On July 6, 2021, the European Union filed an “Article 63.3” request at the WTO requesting further information on four SEP cases in China. publication of these importance cases will benefit all parties through increased transparency and disclosure of how China has evolved its policy in this contentious area.
There is still time to register for “Quantum Leap: Developments in China IP Law over the Past Two Years”. The program will discuss the major changes in Chinese IP that have occurred […]
Here is a listing of recordings of some recent programs that are now available as well as a listing of upcoming events. The Third Berkeley-Tsinghua Conference on Transnational IP Litigation was held […]
The National Security Commission Report on Artificial Intelligence has been released. Chapter 12 covers IP-related issues, focusing on China. The report calls for greater interagency coordination, more stability in patent-eligible subejct matter, and a critical view of China’s SEP-contributions.
Even during a time of trade conflict, there was considerable litigation and patent licensing activity with China, including a pronounced role in global markets for Chinese companies and in China for US companies. Patent disputes and licensing involved a diverse group of technologies. Chinese companies have become more active in SEP litigation overseas. The United States is an important venue for litigating overseas patent disputes with Chinese entities. Both the patent licensing and pharma data show the importance of tracking market value and trends to determine the real-world impact of IP-related policies.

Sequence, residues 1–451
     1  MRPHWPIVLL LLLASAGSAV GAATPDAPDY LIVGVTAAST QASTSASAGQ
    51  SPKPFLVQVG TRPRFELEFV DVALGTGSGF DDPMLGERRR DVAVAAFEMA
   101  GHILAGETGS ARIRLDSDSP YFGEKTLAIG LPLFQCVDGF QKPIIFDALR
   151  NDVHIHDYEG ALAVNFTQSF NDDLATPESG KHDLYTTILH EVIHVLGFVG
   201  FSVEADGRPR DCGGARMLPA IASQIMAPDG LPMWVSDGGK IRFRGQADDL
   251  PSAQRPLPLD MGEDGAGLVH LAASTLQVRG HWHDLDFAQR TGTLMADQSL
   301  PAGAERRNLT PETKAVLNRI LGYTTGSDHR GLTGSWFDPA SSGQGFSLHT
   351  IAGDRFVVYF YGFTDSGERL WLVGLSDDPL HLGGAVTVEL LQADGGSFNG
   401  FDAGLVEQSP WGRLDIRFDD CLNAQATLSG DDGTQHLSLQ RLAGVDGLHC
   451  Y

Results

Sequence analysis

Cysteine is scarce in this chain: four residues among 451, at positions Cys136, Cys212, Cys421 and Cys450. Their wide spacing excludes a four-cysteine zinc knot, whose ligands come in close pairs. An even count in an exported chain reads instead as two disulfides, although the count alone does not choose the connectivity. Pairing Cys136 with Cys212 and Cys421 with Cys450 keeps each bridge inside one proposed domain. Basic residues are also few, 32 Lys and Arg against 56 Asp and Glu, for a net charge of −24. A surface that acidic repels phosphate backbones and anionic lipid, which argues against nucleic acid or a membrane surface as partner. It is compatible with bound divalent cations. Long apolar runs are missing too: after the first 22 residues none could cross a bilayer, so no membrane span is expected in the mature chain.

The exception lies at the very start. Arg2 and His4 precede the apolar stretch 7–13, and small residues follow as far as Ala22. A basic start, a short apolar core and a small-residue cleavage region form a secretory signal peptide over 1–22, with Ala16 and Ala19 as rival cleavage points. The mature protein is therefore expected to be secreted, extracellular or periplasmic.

This is the second article on recent research on Chinese IP law and practice. The focus of this blog is a widely read article of Judge Zhu Jianjun, Shenzhen Intermediate Court, Intellectual […]
On January 9, 2021, MofCOM released the Measures to Block the Improper Extraterritorial Application of Foreign Laws and Measures, (Docket Number 1)（中华人民共和国商务部令 二〇二一年 第1号）(the “Rule”). The Rule was promulgated with “approval from […]
There are now numerous IP cases where foreign judges have decided that Chinese courts failed to provide adequate notice or procedural transparency. Should concerns over a failure to comply with general notions of due process, including notice or access to counsel mandate that a court limit the impact of a foreign court’s anti-suit injunction?
Several useful empirical reports on China’s IP environment have been released in the past few weeks. I summarize four of them: Trademark Litigation Jerry Xia and his colleagues at the Anjie firm […]
This guest blog has been written by Prof. HAO Yuan of Tsinghua University School of Law. China is facing a pressing need to build its innovation-driven economy. To facilitate key features of […]